There is an old expression: “Truth will out.” In this case it outed some very sleazy attack “journalism.”

Once upon a time in Crown King

Crown King is a small village, a “living ghost town,” in the Bradshaw Mountains about 85 miles north of Phoenix, Arizona. It can be reached via a steep, narrow, winding dirt road wending its way up a mountain in Prescott National Forest. Crown King has been in the news recently because of the Gladiator forest fire raging near the village.


The current population is about 130, but in its heyday, spanning the turn of the 20th Century, Crown King had about 800 buildings and a booming mining industry producing gold, copper, lead, zinc, and silver. It even had a railroad at one time. An interesting history of the village and mines can be found at

One of the stories is of lost treasure:

“During the fall rainy season of 1897, an incident occurred that was to create one of the many lost treasure stories that endure in Arizona history. George Harrington, on the first leg of a visit to the east, was being driven in a buckboard to Prescott by experienced freighter J.P. Bruce. The buckboard also contained $5,000 in bullion from the Crown King Mine. They had crossed the rain-swollen Wolf Creek, about six miles from Mayer, and were climbing the far bank when one of the horses balked. The buckboard slipped back into the water and overturned. Harrington managed to save himself by grabbing a tree branch, but Bruce and the horses were caught in the flood. Unable to find Bruce, Harrington walked to Mayer and phoned to Prescott for help. A search party was sent out and Bruce’s body was found about a half mile below the crossing at 1am the next morning. The bullion was never found, even though it was searched for extensively after.” By the way, that $5,000 in bullion is worth about $420,000 at current prices.

The following description of the mines is summarized from Arizona Lode Gold Mines and Gold Mining, by Eldred Wilson, 1934, revised, 1967, Arizona Bureau of Geology and Mineral Technology. Wilson gives dollar values for the ore and concentrates calculated at a gold price of $20.67 per ounce and a silver price of about $0.60 per ounce versus $1595 for gold and $28.00 for silver today. To get a rough estimate of the current value of the ore, multiply Wilson’s figures by 80. Wilson mentions “middlings” which are an intermediate product from a washer, concentration, or preparation plant consisting of fragments of mineral and waste rock. The material is often sent back for crushing and retreatment.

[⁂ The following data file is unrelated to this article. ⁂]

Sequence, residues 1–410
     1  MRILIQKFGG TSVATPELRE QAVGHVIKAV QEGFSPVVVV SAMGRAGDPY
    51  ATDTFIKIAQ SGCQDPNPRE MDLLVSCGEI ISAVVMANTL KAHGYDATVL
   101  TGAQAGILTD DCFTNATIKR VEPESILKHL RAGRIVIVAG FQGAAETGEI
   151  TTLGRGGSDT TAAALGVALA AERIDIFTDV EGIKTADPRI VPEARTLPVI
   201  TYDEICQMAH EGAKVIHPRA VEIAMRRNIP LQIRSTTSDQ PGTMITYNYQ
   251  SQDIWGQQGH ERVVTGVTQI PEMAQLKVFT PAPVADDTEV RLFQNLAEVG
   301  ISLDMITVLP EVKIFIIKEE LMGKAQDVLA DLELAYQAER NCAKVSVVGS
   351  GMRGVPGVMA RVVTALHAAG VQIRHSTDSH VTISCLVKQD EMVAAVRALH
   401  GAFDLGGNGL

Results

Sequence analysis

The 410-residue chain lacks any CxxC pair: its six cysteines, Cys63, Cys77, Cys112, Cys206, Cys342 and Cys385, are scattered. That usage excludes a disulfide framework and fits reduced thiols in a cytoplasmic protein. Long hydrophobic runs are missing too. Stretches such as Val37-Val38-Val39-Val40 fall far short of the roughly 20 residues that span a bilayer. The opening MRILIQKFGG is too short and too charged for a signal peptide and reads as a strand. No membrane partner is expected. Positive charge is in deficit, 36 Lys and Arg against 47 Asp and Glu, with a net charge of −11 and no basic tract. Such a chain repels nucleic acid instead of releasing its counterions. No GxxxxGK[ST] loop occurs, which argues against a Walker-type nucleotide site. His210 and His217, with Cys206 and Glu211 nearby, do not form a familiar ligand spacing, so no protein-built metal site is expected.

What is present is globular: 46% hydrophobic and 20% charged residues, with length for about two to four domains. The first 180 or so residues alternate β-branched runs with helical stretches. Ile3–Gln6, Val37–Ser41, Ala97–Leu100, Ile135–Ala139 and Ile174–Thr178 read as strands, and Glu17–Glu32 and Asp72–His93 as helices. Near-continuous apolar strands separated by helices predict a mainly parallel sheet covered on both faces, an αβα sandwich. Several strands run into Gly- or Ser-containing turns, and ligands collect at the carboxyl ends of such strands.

The Crown King group of claims, southeast of Towers Mountain, includes the Crown King vein which has yielded the most of any deposit in the district. During the early days, this deposit yielded rich gold ore from near the surface.

From 1890 to 1895, the property was operated by the Crown King Mining Company. Their 10-stamp mill caught $10 to $12 per ton on the plates and made a lead concentrate that contained $150 to $350 in gold and silver per ton, besides a middling that carried 15 per cent of zinc and $12 in gold per ton. The middlings were stock-piled, and the concentrates were packed to Prescott, some 40 miles distant, at a cost of about $21.50 per ton. In 1895, the property was bonded to H. B. Chamberlin and Company, of Denver. The mine was operated until 1901 when it was closed by court order. [This closing was due to litigation by squabbling factions of the mine owners. The mine was closed and reopened in 1893 for the same reason.]